The migrants had been detained in Iringa, Ubena and Morogoro prisons for entering Tanzania irregularly.
The migrants, some of whom have been here for as long as two years, expressed their gratitude to finally be able to join their families.
Since early 2014, the IOM has voluntarily repatriated 721 stranded migrants. This has been made possible through generous funding from the government of Japan, through the ‘Voluntary Return Assistance to Migrants in Tanzania’ project, which has now come to an end.
Through this project IOM, in cooperation with the Tanzanian government, has provided return assistance to vulnerable stranded migrants. Focusing mainly on migrants from the Horn of Africa (Ethiopia), and to a lesser extent, migrants from the Great Lakes Region: Burundi, the Democratic Republic of the Congo and Uganda, the project has enabled the government to ensure sustainable and humanitarian returns for these people.
In addition to providing direct assistance to vulnerable migrants, the project has focused on building capacity of the Tanzanian government, specifically the Tanzania Immigration Services Department (TISD) to manage irregular flows, through a series of trainings on return management (including mixed migratory flows, human rights and international protection for immigration officers).
Speaking about the project, IOM Tanzania Chief of Mission, Damien Thuriaux said, “not only have we been able to provide life-saving services to stranded and destitute migrants, we have also been able to build the national capacity of the Tanzanian government to effectively respond to irregular migration flows through a human-security centred approach.”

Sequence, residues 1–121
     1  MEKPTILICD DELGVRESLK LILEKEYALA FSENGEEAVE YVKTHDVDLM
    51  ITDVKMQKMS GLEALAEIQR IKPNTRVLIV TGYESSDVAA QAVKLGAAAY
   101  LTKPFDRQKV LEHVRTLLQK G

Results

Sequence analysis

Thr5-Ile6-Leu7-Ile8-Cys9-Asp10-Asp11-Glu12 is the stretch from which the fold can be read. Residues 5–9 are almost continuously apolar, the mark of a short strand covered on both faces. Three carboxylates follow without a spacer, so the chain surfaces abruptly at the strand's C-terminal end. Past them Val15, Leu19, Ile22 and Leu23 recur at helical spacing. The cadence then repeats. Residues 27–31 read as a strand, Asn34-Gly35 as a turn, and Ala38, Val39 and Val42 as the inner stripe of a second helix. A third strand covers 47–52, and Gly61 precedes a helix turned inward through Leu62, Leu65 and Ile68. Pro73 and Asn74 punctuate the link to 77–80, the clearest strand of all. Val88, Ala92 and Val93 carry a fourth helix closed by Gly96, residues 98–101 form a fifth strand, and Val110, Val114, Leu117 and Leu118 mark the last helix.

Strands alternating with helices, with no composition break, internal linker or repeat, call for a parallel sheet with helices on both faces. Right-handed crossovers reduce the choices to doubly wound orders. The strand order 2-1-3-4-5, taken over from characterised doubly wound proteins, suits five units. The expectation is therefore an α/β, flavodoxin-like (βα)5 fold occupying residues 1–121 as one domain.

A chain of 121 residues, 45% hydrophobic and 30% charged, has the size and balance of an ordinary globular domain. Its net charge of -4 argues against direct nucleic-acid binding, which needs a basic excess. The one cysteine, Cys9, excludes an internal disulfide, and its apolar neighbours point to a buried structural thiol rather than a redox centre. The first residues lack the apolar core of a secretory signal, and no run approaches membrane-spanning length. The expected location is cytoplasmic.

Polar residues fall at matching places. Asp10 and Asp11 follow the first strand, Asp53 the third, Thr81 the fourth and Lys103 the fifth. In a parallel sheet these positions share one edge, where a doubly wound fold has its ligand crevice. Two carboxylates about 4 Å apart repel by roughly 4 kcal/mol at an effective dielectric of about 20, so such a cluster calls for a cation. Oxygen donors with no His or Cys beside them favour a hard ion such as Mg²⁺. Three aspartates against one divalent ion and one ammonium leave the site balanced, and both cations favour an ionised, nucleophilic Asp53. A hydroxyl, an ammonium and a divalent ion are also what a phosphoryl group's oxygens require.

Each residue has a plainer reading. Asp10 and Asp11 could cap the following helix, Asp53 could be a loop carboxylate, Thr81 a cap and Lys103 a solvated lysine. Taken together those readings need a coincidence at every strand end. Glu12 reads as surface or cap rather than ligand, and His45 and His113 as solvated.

He said he believed that inter-state dialogue is an important means in overcoming the challenge, which does not only affect Tanzania, but also other countries along the Southern corridor.
A positive step has been the ‘Migration Dialogue Conference’, which through funding from the government of Japan, was hosted last November in Zanzibar, with the governments of Ethiopia, Kenya, Tanzania and South Africa convening to discuss the way forward in responding to the issue of irregular migration.
Thousands of irregular migrants from the Horn of Africa are reported to try the dangerous journey to South Africa each year. Desperately searching for greener pastures for themselves and their families, they are prepared to pay smugglers fees of up to 4,000 USD to facilitate the movement (often using up life savings, or selling off family assets). Benefiting from people’s desperation, the smuggling industry has become a lucrative multi-billion dollar industry.
Tanzania is a transit corridor for migrants making their way further South to South Africa, where they are attracted by a more liberal asylum policy.
Reports of migrants being intercepted by the authorities in Mbeya, Coast Region and Tanga are commonplace, and prisons, where migrants are locked up with common criminals, have often been overcrowded.
Since 2009, more than 3,000 Ethiopian detainees have been assisted by IOM to return home through funding from the government of Japan.
Ethiopia with escorts provided for minors, reception in Addis Ababa, onwards transportation to places of origin and reintegration assistance.